The Rundown: NUE

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Continuing the series, The Rundown, it's more and more artists who are making their own waves into the industry with their groundbreaking sound. As we toured different states when it comes to covering various artists, it's apparent we've gotten a threshold on the US music scene but we're finally touching other territories with covering 300 Entertainment's recent signee, NUE. 

Coming from Toronto's Scarborough's area, NUE has emerged to be one of the city's brightest stars with abstract and lo-fi delivery in his material. Coming from a place where it's so many rising artists such as NAV, Roy Woods, DVSN, and more, NUE separates himself by sticking to his anime influenced background and ultimately staying his own lane. It's apparent in his recent body of work, "Iroquois", a project that's inspired by a park he used to kick it at with his friends, but the basis of it takes the listener on a trippy tale into NUE's life. 

We recently had a chance to speak to NUE about being from Toronto, being 300's first Canadian signee, his project, and more. 

How’s Your Modern Life?

My life’s good, just been creating, staying busy.

What are three things you have to do when you first wake up?

Check my phone, smoke some weed then probably write. I like to write first thing in the morning, it's my favorite time to write, it clears my mind and then I can go on with the rest of my day.

Coming from the Toronto area, how was your upbringing?

I grew up in a district outside of Toronto called Scarborough, Malvern to be exact. It's in the east end, more on the outskirts of Toronto. I grew up in the hood just me, my mom and my sister. It was kind of rough but I like to think my upbringing was normal, you know? I hung out with my friends, talked to girls, did stuff any kid would do.

Coming from another country, what were some different advantages and disadvantages for you as a creative?

I mean I don’t really know the advantages of being a Canadian artist v.s. an American artist. I just know that Toronto is different; it’s the most multi cultural city in the world, a lot of different people, and a lot of different cultures. I feel like that opened my mind about a lot of things and it helps me create. Nowaday’s with the internet and social media there’s no real disadvantages

Aside from making music, you found an interest in designing anime. Where did this spark of creativity as a illustrator come from? 

I was always a creative kid. My family has always been into art, music, my older is a painter. I’ve always been into different things, I’ve always loved anime, growing up me and my cousin used to watch every anime that came out, and I would fuck around and draw some of that shit. I liked drawing and anime so the two just made sense, plus anime has like some of the best stories, period.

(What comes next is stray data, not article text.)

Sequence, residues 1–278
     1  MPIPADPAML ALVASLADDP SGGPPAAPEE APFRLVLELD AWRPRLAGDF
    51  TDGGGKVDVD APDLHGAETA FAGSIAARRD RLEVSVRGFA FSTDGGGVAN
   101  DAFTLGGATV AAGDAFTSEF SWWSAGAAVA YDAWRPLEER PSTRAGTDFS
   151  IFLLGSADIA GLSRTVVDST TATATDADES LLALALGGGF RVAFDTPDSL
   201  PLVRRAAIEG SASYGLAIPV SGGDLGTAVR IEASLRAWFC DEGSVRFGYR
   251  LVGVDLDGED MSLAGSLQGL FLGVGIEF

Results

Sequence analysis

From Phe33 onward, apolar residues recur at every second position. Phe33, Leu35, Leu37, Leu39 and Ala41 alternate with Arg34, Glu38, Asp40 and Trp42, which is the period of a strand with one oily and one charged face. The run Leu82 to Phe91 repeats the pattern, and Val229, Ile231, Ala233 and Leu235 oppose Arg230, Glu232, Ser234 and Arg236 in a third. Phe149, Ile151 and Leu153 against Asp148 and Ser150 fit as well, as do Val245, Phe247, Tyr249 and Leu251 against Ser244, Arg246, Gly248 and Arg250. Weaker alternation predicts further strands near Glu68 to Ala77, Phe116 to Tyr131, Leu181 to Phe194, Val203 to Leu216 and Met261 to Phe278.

How do you feel as if these worlds of creativity being art and music help you with the delivery of your sound?

I don't think it has any correlation really, I just like being creative and trying my hand at different things.

You released your project, “Iroquois” earlier this year, what was your logic behind the naming the project that and how was the process of recording it?

I named it Iroquois because theres this park by my crib called Iroquois park and we used to always be hanging out over there and kind of wanted to catch that vibe. I was trying to create something organic and true to me. I recorded most of it in 3 months, January through March this year. We did it all in the basement with no real expectations.

What are some essential necessities when it comes to you recording material?

It's all about the vibe I don’t like it to be too organized. The only true necessity is weed honestly lol and I’ll record wherever, whenever as long as there’s a vibe.

You recently signed to 300 Entertainment, and became the first Canadian artist to sign to the independent label. How does it feel to be a trailblazer for the brand?

I mean, its definitely something that I look at and am proud of. No one really gets that kind of recognition where I'm from. A lot of artists I look up to and respect are signed to 300 too, so to have something in common with them is cool to me.

You’re coming up in a unique time in Canadian music, where you see the second generation of artists such as NAV, Roy Woods, DVSN, and more head into the spotlight of the mainstream. How do you feel about this era of the country’s music scene?

It’s a crazy time in Toronto, man, there are a lot of creative people in the city. Shout out to everyone doing there thing.

What are some goals you have for yourself for the rest of the year?

Im going to release another project before the years over, I’m going to do some shows, get to see some of my fans showing love and continue to build up my brand, ILL RITUAL.

How do you want to be remembered when it’s said and done?

I just want to be a respected as creative artist that brought new things to the game. Someone who always did what I wanted to do no matter how it made anyone else feel.

Listen to his project below, and follow him here and here